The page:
As you can imagine, the last few weeks I had a lot of discussions about my opinion over the transfer of the methodology of rehabilitation and fitness concepts into elite sports. And that was my intention… to make people rethink and reflect on their ideas. A challenging statement might be a good tool to do that, even if some people might turn defensive when you shake their core beliefs or challenge their concepts.
(I would have gotten even more responses on this blog, if it weren’t for the fact that I had to switch off the option to comment; I got sick and tired of removing the tsunami of bots that invade the comments section every day, trying to convince me to buy fake designer handbags and fashion shoes. If somebody has a solution, I bet you know how to find me …..)
We have to understand that within the integrated framework of training for the top, methodologies from fitness and rehabilitation may be used as singular tools, to be used in specific conditions. They are not the foundation for the final solution to all your conditioning problems, or the ultimate answer to all your questions.
Singular tools in itself never make performance, they are just pieces of the puzzle, to be used for the right athlete, at the right time for the right reason.
Some fitness trends promise me to make you fit in the shortest possible time: 15 minutes instead of 30 minutes per day. Well, great if you have and 8 to 8 job, need to take time to do shopping, cooking and take care of your family and yes,you want to exercise. But this instant solution has no place in elite sports, I’ll take my time for the right effects. In the old days, time often was the only thing I had, no money, no high-tech, just the time that a craftsman needs to make a perfect product.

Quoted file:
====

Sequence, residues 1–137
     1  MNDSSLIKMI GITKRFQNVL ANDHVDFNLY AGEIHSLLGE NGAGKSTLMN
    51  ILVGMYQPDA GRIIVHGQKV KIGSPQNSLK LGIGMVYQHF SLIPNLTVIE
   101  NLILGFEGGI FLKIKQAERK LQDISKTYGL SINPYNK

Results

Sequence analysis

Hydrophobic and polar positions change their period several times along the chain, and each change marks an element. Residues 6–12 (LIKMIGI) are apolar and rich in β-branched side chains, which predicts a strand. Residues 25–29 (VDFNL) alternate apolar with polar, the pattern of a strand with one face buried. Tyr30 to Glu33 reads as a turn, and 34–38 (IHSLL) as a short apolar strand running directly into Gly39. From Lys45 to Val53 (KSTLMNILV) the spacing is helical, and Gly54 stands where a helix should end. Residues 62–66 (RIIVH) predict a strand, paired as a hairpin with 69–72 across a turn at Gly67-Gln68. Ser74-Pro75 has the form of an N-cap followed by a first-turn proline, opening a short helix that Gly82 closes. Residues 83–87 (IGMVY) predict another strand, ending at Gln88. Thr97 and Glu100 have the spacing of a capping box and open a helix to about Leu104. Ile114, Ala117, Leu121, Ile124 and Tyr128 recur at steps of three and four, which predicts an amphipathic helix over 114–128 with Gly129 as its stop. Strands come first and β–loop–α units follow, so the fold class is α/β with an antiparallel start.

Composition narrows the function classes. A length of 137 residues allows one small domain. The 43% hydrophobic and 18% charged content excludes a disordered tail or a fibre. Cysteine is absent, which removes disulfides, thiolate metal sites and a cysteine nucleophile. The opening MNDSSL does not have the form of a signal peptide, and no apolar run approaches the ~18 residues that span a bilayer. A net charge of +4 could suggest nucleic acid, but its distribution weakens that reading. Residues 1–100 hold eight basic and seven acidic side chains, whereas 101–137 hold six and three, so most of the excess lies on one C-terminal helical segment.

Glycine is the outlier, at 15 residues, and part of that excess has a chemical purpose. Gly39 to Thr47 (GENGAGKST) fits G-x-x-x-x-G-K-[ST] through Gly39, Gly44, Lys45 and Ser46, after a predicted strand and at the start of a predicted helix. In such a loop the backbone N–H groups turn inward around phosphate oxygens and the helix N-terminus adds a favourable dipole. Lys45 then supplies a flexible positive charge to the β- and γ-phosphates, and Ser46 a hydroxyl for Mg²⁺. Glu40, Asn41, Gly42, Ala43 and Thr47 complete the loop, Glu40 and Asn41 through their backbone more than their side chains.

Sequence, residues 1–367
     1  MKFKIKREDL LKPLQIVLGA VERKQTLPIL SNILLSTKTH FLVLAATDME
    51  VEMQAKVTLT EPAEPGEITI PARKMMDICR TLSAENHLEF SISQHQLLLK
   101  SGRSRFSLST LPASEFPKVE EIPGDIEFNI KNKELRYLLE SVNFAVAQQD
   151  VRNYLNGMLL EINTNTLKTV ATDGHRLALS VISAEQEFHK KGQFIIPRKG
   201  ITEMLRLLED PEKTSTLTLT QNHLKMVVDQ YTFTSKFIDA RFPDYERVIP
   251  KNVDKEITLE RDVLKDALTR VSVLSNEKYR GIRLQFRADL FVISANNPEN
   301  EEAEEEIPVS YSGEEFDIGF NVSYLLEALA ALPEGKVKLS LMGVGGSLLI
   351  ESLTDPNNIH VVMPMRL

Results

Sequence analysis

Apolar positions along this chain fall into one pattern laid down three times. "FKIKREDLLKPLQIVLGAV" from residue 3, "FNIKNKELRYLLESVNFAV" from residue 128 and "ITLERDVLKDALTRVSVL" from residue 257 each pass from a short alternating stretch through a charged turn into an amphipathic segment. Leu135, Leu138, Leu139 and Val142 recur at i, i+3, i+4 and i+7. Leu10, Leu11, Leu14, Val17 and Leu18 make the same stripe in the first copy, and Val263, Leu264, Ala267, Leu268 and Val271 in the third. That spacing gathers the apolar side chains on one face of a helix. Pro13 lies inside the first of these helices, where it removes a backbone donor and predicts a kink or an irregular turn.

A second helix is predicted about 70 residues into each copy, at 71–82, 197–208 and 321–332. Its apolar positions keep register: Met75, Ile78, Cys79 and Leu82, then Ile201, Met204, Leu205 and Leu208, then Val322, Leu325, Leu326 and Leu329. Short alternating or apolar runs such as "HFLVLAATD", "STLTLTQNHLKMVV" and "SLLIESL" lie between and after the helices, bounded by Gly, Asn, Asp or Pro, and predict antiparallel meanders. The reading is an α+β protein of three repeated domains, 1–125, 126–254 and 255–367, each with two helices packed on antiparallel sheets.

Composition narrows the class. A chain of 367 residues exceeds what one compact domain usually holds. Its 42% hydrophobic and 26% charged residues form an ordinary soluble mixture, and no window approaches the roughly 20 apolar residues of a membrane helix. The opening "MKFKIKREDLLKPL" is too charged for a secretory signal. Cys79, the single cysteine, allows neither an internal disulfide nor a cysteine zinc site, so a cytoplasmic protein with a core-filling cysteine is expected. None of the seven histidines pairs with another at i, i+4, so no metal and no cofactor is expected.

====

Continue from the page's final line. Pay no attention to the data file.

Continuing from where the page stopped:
And once again: “acceleritis” tells us we have no time, we never have time enough, because there is always something else to do, updating your Facebook-account, answering mails or tweets. So despite the promise of efficiency, we seem to have less time than ever before! We are looking for more “efficiency”, for instant results, immediate gratification, and short-term goals only and we lose attention real quick. Reading a book? Takes way too long. Reading an in-depth article? Wikipedia saves time. Listening to a lecture? Just give me the handouts and I‘ll figure it out. Right? Wrong.